Manic Street Preachers live review – Birmingham Genting Arena

More contentment than confrontation as former firebrands embrace middle age.

James Dean Bradfield with Manic Street Preachers, live in Birmingham
(Image: © Getty)

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Alienation alchemised into arena-rocking celebration. Lost causes reborn as communal singalongs. The mood in Birmingham for this show marking the 20th anniversary of the album that elevated Manic Street Preachers to mainstream stardom, Everything Must Go, is very different from how it was on their previous revival tour, which revisited the band’s psychic torture manual The Holy Bible.

Back in 1996, stripped to a trio after the loss of Richey Edwards, the spiky Welsh firebrands suddenly stopped despairing and started winning. Triumph from tragedy.

Tonight bulked out with a keyboard player and extra guitarist, the band stir up mighty passions by playing Everything Must Go in full and in sequence. It is hard to deny the enduring power of widescreen anthems like A Design For Life, No Surface All Feeling and that majestic title track. But this show is also pretty similar to most Manics performances, probably because the album was such a success first time around. These songs have been familiar live staples for two decades.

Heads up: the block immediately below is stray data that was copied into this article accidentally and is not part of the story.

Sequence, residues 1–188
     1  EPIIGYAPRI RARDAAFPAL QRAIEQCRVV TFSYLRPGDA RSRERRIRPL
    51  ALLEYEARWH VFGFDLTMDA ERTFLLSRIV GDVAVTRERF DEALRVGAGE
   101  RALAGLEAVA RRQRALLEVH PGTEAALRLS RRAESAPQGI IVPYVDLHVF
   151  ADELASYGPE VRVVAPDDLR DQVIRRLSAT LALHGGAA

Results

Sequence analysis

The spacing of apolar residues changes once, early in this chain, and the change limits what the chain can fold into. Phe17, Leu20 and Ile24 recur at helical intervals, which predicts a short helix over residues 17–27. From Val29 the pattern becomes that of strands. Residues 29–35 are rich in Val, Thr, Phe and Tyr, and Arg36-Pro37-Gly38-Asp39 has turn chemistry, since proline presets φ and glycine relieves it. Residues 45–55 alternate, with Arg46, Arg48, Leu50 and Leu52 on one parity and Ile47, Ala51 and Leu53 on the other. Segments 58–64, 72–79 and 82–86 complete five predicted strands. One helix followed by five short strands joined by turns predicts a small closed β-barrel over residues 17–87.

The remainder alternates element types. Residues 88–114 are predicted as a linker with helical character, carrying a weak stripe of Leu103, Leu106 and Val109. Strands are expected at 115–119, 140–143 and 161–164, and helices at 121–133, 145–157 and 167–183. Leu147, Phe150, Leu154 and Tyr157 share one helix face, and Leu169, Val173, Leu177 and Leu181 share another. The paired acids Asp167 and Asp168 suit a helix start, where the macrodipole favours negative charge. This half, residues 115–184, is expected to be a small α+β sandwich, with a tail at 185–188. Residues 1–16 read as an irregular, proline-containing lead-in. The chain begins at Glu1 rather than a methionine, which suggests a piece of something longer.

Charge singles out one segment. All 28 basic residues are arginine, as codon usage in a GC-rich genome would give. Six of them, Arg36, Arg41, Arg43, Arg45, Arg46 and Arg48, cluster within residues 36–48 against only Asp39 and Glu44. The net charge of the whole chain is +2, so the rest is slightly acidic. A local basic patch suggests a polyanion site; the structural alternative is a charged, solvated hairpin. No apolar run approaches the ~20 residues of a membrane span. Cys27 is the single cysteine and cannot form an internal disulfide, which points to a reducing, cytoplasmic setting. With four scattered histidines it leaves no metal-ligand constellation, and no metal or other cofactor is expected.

With the album complete, the Manics take a short break before returning for a second, career-spanning, hit-packed set. They also shamelessly flatter the Birmingham fans, name-checking local football teams and rock legends, including Tony Iommi. It’s is a warm and uplifting show, albeit firmly grounded in the comfort zone of both band and audience.

Stephen Dalton has been writing about all things rock for more than 30 years, starting in the late Eighties at the New Musical Express (RIP) when it was still an annoyingly pompous analogue weekly paper printed on dead trees and sold in actual physical shops. For the last decade or so he has been a regular contributor to Classic Rock magazine. He has also written about music and film for Uncut, Vox, Prog, The Quietus, Electronic Sound, Rolling Stone, The Times, The London Evening Standard, Wallpaper, The Film Verdict, Sight and Sound, The Hollywood Reporter and others, including some even more disreputable publications.